Boldu (Peumus boldus)

Tree
Boldu boldus.
Common Name Latin Name Plant Family
Boldu
Peumus boldus
Monimiaceae

The bark is a source of tannin and is also used as a dye[1, 4, 238].

A deliciously fragrant essential oil is obtained from the leaves[245]. The dried and powdered leaves are scattered amongst clothes to sweeten them and repel insects[245].

The small fruits are dried and used as beads in necklaces[245]. When warmed by the body or the sun they release the scent of cinnamon[245].

The wood is used for making charcoal[4].

  • Medicinal Use

    Boldu is a traditional remedy used by the Araucanian Indians of Chile as a tonic. The plant stimulates liver activity and bile flow and is chiefly valued as a remedy for gallstones and liver or gallbladder pain[254]. It is normally taken for only a few weeks at a time, either as an infusion or as a tincture[254]. It is often combined with other herbs such as Berberis vulgaris or Chionanthus virginicus in the treatment of gallstones[254].

    The leaves are analgesic, antiseptic (urinary), bitter, cholagogue, diuretic, stimulant and tonic[4, 46, 165, 235]. They are considered a valuable cure for gonorrhoea in S. America[4]. The plant is taken internally in the treatment of liver disease (though the bark is more effective here), gallstones, urinary tract infections, intestinal parasites and rheumatism[238]. It has been used in the past as a substitute for quinine in the treatment of malaria[238]. The leaves are harvested during the growing season and are dried for later use[238]. Some caution is advised, the plant should not be used by pregnant women[254]. See also the notes above on toxicity.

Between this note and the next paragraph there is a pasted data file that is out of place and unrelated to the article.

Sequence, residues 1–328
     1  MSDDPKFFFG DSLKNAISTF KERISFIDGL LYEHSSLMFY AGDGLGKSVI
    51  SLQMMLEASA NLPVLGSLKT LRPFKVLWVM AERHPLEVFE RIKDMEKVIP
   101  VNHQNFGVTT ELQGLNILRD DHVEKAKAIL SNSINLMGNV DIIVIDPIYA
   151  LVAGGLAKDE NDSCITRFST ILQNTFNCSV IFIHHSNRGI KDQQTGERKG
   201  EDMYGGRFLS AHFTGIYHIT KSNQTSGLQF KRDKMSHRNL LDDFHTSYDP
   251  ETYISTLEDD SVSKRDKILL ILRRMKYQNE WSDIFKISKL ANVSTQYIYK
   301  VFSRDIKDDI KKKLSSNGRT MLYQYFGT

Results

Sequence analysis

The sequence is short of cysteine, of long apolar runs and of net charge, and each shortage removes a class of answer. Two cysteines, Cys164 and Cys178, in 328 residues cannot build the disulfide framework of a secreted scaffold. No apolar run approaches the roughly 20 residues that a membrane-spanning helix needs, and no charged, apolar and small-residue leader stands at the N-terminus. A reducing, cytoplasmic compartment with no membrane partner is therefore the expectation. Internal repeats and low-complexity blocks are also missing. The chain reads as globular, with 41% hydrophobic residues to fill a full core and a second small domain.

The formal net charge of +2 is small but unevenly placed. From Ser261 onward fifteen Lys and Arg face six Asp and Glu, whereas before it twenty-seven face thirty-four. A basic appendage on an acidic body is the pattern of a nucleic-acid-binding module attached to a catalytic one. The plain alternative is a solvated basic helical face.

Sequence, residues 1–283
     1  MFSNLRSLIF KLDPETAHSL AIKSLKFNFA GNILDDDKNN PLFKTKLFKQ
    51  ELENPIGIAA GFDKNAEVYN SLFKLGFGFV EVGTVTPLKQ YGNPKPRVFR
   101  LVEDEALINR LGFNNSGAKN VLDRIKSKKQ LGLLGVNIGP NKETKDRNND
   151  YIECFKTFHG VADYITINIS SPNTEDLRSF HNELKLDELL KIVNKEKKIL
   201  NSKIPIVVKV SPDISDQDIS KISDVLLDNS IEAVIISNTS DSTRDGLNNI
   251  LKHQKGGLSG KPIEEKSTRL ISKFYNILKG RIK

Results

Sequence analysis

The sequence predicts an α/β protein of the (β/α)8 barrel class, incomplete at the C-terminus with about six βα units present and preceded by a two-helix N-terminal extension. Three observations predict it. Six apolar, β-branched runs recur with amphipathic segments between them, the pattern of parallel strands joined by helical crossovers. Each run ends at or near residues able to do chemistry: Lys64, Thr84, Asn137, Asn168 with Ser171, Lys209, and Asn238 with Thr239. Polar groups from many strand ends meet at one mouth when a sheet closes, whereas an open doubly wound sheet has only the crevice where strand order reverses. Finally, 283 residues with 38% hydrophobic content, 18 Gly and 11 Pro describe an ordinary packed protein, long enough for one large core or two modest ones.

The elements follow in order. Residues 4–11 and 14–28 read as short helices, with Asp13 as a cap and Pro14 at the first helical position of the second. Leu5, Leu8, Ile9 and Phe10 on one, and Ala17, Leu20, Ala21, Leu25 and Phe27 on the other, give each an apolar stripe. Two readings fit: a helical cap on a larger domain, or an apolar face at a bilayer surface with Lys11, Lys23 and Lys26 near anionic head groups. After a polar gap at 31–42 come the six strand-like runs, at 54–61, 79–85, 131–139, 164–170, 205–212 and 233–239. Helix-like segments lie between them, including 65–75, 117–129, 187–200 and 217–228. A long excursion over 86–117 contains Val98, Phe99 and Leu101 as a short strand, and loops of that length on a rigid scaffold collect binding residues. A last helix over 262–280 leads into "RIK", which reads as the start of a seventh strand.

A volatile oil obtained from the plant destroys internal parasites[238].

    Alkaloids contained in the bark are a stimulant for the liver[238].

  • Edible Use

    Fruit – raw or cooked[1, 2, 166]. Sweet and aromatic with an agreeable flavour[2, 183]. The fruit is up to 2cm in diameter[2].

    The leaves and bark are used as a condiment[177].

  • Cautionary Notes

    The leaves contain a toxic alkaloid[4].

Cultivation & Habitat

Seed – sow spring in a warm greenhouse. Prick out the seedlings into individual pots when they are large enough to handle and grow them on in the greenhouse for at least their first winter. Plant them out into their permanent positions in early summer and give them some protection from winter cold for at least their first winter or two outdoors. Cuttings of half-ripe wood, July/August in a frame[200]. Grow the cuttings on in the frame or greenhouse for at least their first winter.
Dislikes soils that are too moist[166]. Prefers a well-drained acid sandy soil in full sun[166, 200, 238]. Hardy in climatic zone 9 (tolerating occasional light frosts), this plant normally requires greenhouse protection in Britain but is capable of withstanding light frosts and might succeed outdoors in the mildest areas of the country, especially if grown against a sunny wall[166, 200]. One report says that the plant succeeds outdoors at Kew Gardens in London, where it often flowers all year round[245]. All parts of the plant are sweetly aromatic[245]. The leaves have a lemon-camphor aroma[238]. Dioecious, male and female plants must be grown if fruit and seed is required[238].
S. America – Chile.

Become ungovernable, break the chains of the matrix; grow and forage your own food and medicine.

*None of the information on this website qualifies as professional medical advice. Take only what resonates with your heart and use your own personal responsibility for what’s best for you. For more information [brackets] [000], see bibliography.